In British English, the word ‘Asphalt’ refers to a mixture of mineral aggregate and bitumen (or tarmac in common parlance). The word ‘Tar’ refers to the black viscous material obtained from the destructive distillation of coal and is chemically distinct from bitumen. In American English, Bitumen is referred to as ‘Asphalt’ or ‘Asphalt cement’ in engineering jargon. In Australian English, Bitumen is sometimes used as the generic term for road surfaces. In Canadian English, the word bitumen is used to refer to the vast Canadian deposits of extremely heavy crude oil, while asphalt is used for the oil refinery product used to pave roads and manufacture roof shingles. Diluted Bitumen (diluted with Naphtha to make it flow in pipelines) is known as dilbit in the Canadian Petroleum industry, while bitumen upgraded to synthetic crude oil is known as syncrude and syncrude blended with bitumen as a syn bit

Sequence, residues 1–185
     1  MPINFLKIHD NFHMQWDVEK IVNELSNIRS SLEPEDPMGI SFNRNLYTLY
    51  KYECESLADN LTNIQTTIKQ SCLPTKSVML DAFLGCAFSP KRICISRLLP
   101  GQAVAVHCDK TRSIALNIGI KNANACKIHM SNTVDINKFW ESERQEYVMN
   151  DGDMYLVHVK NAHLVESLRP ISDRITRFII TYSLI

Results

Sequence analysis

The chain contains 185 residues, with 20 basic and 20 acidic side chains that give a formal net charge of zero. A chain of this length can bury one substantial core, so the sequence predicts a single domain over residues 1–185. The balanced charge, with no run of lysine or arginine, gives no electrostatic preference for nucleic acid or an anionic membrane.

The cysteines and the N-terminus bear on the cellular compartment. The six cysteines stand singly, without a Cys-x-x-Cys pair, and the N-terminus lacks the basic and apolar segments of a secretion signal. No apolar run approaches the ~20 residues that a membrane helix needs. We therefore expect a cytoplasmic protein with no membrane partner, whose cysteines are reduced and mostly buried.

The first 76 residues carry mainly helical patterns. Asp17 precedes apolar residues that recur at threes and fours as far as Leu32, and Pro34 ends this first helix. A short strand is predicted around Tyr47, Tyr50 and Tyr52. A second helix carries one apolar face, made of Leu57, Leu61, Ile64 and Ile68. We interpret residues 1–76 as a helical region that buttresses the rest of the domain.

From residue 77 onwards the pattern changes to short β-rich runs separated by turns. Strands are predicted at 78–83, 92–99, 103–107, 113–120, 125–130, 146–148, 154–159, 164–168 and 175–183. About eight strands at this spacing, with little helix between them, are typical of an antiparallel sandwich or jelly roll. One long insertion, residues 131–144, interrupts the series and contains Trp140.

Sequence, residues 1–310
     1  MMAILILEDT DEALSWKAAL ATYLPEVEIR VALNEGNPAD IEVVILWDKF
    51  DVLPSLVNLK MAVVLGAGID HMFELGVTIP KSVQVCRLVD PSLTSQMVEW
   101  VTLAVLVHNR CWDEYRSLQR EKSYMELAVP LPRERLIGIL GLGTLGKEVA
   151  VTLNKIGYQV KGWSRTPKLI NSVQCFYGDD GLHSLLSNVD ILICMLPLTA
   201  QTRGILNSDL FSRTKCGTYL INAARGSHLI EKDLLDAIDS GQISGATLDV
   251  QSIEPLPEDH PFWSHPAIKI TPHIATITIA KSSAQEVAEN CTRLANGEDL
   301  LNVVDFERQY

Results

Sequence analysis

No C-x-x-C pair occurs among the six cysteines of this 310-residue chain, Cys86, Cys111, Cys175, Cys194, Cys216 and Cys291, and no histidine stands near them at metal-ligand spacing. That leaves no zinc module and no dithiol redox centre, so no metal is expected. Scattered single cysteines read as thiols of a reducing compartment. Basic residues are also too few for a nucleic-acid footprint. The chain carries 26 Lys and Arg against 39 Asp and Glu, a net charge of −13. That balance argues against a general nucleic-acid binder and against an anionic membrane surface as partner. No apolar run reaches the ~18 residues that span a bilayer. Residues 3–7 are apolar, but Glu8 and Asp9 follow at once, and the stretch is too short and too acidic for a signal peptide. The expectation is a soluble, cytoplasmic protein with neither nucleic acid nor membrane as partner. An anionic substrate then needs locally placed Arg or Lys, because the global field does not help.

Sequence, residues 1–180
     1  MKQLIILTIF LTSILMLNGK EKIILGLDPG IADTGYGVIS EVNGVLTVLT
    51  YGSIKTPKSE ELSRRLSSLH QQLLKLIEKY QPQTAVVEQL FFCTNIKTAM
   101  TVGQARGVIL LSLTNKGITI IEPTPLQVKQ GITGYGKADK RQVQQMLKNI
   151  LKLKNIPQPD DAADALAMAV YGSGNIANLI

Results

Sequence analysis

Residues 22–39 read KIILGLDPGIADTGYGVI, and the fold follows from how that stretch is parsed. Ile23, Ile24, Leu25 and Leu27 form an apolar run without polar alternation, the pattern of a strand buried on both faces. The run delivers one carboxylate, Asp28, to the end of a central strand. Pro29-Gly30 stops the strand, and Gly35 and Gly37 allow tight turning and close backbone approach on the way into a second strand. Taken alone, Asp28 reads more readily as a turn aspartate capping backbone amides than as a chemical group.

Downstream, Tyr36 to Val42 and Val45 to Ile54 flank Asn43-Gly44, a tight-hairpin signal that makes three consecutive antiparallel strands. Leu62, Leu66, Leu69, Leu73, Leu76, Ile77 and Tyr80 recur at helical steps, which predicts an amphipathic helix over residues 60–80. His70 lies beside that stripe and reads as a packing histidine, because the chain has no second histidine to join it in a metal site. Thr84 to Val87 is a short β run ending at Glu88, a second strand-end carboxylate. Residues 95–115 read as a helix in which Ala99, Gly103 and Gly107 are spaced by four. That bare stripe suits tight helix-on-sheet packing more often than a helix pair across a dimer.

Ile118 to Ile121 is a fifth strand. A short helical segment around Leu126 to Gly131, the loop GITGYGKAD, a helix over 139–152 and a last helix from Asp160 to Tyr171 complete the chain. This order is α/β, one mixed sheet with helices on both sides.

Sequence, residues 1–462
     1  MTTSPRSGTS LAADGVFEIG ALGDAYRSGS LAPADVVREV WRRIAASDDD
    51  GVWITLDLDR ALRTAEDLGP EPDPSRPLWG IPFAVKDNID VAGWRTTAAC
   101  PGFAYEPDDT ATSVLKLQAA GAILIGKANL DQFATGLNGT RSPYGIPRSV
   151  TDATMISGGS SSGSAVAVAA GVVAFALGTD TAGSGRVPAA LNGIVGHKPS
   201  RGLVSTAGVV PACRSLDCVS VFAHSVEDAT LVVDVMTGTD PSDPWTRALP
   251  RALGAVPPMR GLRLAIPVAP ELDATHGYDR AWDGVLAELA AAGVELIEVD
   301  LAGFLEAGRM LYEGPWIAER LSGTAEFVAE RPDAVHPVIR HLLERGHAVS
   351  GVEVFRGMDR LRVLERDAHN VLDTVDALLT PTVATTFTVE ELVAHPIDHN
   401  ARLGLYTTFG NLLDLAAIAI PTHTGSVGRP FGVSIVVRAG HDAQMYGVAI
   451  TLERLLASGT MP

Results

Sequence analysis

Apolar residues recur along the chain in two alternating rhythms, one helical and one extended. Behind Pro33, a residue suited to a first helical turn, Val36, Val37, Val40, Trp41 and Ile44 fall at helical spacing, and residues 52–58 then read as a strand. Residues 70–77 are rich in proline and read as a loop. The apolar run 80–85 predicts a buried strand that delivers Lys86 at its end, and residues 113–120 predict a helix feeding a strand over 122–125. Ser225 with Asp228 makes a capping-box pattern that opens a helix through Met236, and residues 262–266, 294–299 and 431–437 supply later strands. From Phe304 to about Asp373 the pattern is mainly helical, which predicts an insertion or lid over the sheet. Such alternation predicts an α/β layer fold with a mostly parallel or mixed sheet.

Most bitumens contain sulfur and several heavy metals such as Nickel, Vanadium, Lead, Chromium, Mercury and also Arsenic, Selenium, and other Toxic Elements. Bitumen can provide good preservation of plants and animal fossils.
Bitumen is primarily used for paving roads. Its other uses are Waterproofing Products, including the use of Asphalt in the production of roofing felt and for sealing flat roofs.